During this semester, students in ART 4720: Contemporary Photography Projects have been working on individual bodies of work that engage with interdisciplinary practices, including installation, audio, video, and bookmaking. These artists have worked tirelessly to translate the work from an in-person to an online exhibition and publication. The artists included in the exhibition address a multitude of ideas ranging in form and content.
The works by Nate Francis and Jean Glasser engage with the Utah landscape as an intersection of the personal and political. Francis' work addresses the oppression of the queer body, while Glasser's work brings attention to Missing and Murdered Indigenous Women (MMIW). The personal is also explored by Brandi Gilbert, who externalizes an internal monologue around her relationship to her body. The cinematic and appropriated works by Annie Hillam use the eye to address paranoia and stress relevant in contemporary culture. Other artists, such as Ethan Edwards and Will Betts, address the space between "reality" and our digital selves through fragmented and coded images and video works. Fragmented photos are also used in Sam Devine and Kolie Kollar's pieces, who use found and repurposed objects, engaging with the image-object relationship. All of the included artist's work can be viewed in the online exhibition.
The Urban Artworks class and the College of Mines and Earth Sciences began the collaborative process to create a new community-based 160 square foot mural at the Browning Building entrance. Student artists and CMES members initially met to enter into dialogue to understand and perceive how we all exist at the mural site. After participants reviewed secondary material, they began creating the mural imagery, going over objectives through evaluation to realize multiple focuses of themes. As a team, they selected ideas that stimulate community dialogue. Together they codified our ideas, translating our research into seven to-scale maquettes, which were then presented to the community to vote on the design to be installed. We look forward to the announcement of the winning mural soon! View all of the designs here.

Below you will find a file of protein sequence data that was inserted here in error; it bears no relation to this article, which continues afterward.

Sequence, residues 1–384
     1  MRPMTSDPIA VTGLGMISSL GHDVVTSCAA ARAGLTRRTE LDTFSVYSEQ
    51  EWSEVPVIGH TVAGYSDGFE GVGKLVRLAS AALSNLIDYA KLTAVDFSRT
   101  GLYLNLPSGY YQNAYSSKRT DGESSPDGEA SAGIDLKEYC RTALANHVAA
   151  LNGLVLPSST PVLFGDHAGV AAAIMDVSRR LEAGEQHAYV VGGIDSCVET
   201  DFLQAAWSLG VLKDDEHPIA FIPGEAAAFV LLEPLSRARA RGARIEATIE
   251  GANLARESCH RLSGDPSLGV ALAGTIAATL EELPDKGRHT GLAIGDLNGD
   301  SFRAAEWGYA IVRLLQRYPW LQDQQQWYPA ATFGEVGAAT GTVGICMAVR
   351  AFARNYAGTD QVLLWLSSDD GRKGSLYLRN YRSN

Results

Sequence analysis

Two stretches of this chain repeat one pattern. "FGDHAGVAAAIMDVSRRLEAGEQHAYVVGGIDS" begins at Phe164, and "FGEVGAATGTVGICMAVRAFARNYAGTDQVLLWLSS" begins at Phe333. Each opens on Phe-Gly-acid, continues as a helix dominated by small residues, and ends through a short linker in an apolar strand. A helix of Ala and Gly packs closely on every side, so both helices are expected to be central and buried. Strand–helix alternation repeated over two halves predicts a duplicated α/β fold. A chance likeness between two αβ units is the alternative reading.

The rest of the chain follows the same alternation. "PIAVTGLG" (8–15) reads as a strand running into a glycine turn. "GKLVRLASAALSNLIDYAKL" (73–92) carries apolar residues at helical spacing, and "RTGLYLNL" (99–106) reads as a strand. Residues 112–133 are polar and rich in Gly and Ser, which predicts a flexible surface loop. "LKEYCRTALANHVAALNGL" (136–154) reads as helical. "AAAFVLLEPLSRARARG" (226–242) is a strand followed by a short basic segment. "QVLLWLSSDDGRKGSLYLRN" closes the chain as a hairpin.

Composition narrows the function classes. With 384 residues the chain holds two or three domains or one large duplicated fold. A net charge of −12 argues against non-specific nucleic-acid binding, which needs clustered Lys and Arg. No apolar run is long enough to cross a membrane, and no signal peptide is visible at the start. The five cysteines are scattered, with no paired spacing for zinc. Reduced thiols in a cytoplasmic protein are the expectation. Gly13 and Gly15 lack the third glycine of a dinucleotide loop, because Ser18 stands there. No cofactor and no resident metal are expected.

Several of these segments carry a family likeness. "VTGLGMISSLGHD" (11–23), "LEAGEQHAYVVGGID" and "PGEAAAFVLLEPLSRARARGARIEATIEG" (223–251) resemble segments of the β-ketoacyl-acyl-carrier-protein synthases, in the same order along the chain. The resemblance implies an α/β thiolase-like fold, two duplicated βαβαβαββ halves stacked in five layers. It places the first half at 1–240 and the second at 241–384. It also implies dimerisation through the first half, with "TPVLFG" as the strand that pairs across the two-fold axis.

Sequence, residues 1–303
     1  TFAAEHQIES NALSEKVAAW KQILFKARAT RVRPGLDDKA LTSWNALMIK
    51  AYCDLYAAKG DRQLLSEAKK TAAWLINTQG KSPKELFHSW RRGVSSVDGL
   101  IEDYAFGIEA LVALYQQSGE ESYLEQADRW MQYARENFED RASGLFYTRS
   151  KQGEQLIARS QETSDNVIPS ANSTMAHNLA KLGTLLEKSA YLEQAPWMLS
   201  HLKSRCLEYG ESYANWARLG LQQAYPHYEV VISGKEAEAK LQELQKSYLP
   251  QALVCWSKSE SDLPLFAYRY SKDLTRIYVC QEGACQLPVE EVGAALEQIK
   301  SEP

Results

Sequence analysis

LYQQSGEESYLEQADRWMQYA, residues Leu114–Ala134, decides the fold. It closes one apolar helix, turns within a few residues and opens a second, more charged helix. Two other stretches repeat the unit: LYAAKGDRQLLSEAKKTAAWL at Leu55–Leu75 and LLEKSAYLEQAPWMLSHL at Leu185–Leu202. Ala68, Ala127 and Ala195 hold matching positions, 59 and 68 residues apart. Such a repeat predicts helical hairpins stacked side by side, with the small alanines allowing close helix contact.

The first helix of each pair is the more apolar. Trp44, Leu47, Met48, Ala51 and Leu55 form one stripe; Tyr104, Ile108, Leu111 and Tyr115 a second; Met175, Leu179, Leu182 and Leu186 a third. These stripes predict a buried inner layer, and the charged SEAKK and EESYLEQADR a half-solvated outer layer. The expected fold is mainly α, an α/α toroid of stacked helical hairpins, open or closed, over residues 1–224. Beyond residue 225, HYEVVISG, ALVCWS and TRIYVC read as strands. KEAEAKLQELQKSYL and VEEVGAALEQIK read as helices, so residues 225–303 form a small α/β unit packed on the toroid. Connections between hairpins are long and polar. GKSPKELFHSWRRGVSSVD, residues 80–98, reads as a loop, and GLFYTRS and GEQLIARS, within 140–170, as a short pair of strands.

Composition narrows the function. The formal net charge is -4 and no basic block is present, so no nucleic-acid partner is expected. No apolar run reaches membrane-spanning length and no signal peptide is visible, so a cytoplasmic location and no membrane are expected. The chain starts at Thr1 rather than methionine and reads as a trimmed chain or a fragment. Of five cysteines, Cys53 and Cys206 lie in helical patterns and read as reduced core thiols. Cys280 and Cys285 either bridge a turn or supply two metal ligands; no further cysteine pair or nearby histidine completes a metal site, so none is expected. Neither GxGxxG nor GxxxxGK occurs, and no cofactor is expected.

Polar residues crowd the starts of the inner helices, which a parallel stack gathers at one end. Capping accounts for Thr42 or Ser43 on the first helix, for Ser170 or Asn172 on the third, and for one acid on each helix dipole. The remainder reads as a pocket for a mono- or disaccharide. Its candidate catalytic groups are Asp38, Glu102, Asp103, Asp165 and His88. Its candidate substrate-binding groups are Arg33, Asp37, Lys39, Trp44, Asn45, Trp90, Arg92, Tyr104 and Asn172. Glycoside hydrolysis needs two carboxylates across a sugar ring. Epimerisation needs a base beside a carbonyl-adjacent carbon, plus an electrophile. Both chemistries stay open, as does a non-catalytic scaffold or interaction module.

Faculty: V. Kim Martinez; Student Mural Artists: Victoria Dennis, Casidy Giles, Nelson Morales, William Oviatt, Mikaela Parrish, Heydar Rasoulpour, Connor Weight
Ceramics Professor Brian Snapp showed recent work at the Material Issues exhibition at Utah Museum of Contemporary Art. "My recent work, 'House of My Brother / House of My Sister', was first motivated by refugee diaspora and the loss of home, religious sanctuaries, and iconography, stripping people's sense of identity, place, and dignity. The iconography that I use in my work now, seems to have absorbed more recent obscenities unleashed on humanity."
Photography Professor Jaclyn Wright was selected to be in SF Camerawork's FORECAST 2020 with eleven other artists. "Each year SF Camerawork invites an esteemed jury to curate its annual survey exhibition. This year, jurors curator Elena Grosfs, artist Michael Jang, and TBW Books Director Lester Rosso selected the work of 12 photographers from over 300 entries". She also received the Digital Matters Lab Faculty Performance Grant for Spring 2021.
Photography Professor Ed Bateman's work will be in the Library of Alexandria... known internationally in modern times as: Bibliotheca Alexandrina.